When Anaheim Angels executive Darrell Miller heard the Salt Lake Buzz were seeking a new affiliation, last winter, he was interested immediately. Great scenery, loyal fans, spectacular ballpark — what more could the Angels want?
Besides, the fishing at Strawberry Reservoir, as he remembered, was otherworldly.
"I never knew there were trout that big," he says.
The working agreement was as good as done.
The Buzz's "fishing expedition" was soon over. The team changed its name to Stingers and Salt Lake became the Triple-A affiliate of the Angels.
And Miller got a chance to come back to a place he never stopped loving.
"There's no way you could possibly not enjoy staying here," says Miller. "If a player can't be motivated to play in a place like this — in this beautiful, beautiful city, with this stadium and these fans — I don't know what motivates you. If you've got to be in the minors, this is where you want to be."
Miller, the Angels' director of player development, knows whereof he speaks. He played here himself. For two months in 1979, he was a catcher/infielder/outfielder for the Salt Lake Gulls, when they were previously affiliated with the Angels. The short stay was long enough to convince him it was a town he liked. He played ball, made speeches and occasionally went fishing.
"When I came here last year to see Edmonton (formerly the Angels' affiliate), I had heard how great the park was. But I couldn't believe it," he says. "I was stunned at how beautiful the view is. I thought if there were possibly a way we could work it out to try to get (the Angels) here, I'd try to do it."
In fact, he was on such a roll that he went ahead and signed a working agreement with the rookie league Provo Angels, just for good measure.
As much as Miller enjoys Utah, some of his relatives might disagree. That's because they came here under different circumstances. His brother is Reggie, the widely renowned — and occasionally reviled — shooting star for the Indiana Pacers. He probably doesn't get the same reception Darrell did when he played here. Darrell spoke in various churches, promoting cooperation among religions. When Reggie comes to town, cooperation isn't on the agenda.
Then there's Cheryl, a sister, who stopped here when she was coaching the Phoenix Mercury of the WNBA. Those might not have been especially pleasant visits, either. She also comes to Salt Lake occasionally as a commentator on TNT.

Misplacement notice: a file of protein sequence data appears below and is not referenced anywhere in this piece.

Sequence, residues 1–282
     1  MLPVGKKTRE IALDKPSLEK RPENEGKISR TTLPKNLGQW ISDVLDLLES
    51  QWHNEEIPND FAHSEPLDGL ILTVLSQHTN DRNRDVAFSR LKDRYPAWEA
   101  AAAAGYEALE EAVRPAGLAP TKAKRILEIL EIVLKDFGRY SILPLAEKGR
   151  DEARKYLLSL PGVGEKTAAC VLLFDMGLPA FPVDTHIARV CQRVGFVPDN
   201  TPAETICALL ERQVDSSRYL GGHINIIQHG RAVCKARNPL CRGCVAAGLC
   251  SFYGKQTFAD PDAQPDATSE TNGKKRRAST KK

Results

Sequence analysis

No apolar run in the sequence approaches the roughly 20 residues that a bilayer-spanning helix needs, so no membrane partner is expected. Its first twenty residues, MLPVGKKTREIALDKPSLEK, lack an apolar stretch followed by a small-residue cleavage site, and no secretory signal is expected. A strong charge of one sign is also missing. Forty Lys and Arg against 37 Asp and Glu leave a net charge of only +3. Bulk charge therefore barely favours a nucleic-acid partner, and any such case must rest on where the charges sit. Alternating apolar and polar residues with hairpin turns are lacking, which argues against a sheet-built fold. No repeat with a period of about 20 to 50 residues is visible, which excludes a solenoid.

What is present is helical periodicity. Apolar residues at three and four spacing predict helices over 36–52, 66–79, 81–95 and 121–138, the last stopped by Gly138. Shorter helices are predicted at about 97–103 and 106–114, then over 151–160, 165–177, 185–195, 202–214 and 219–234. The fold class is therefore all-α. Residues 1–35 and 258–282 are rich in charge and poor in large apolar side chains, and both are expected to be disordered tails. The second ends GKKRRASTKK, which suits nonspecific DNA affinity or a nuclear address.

If the Millers seem a highly motivated and successful family, it's not an exaggeration. Reggie is an NBA All-Star. Cheryl has been called the greatest female basketball player in history. Meanwhile, Darrell played 224 games in the major leagues. Another brother, Saul, is a saxophone player in a renowned Air Force jazz band called Airmen of Note. Sister Cammi had a record-setting volleyball career at Cal State-Fullerton and is now a pharmaceuticals rep.
Given their drive for success, it's easy to imagine what basketball games in the driveway were like when they were growing up in Riverside, Calif. Saul was 1 1/2 years older than Darrell, Cheryl about that much older than Reggie. They divided up for basketball games and the results were predictable. "When we play basketball, there's blood shed," says Darrell.
There was, for instance, the time Reggie faked Cheryl in the air, then "low-bridged" her, flipping her flat on her back. "Yeah, they fought. It was unbelievable," Darrell says.
And the time Saul blocked Cheryl on a shot and just for good measure, pinned her to the garage door. "He about knocked her teeth out," he continues. "There were no gimmes. And she has a high tolerance for pain."
Basketball nowadays isn't the sport of choice at family gatherings, for obvious reasons. They do play a decidedly less physical game they call "corkball," in which they hit a wine cork with a broom handle. "We don't hoop any more. That gets way too ugly," says Darrell.
But ugly isn't what Darrell is thinking about, as he visits Salt Lake to check out the Angels' Triple-A affiliate. He's thinking pretty. He's thinking clean. The mountains here are as beautiful as he remembered. The fishing at Strawberry? No time this week to find out.
But he hopes to get back to us on that.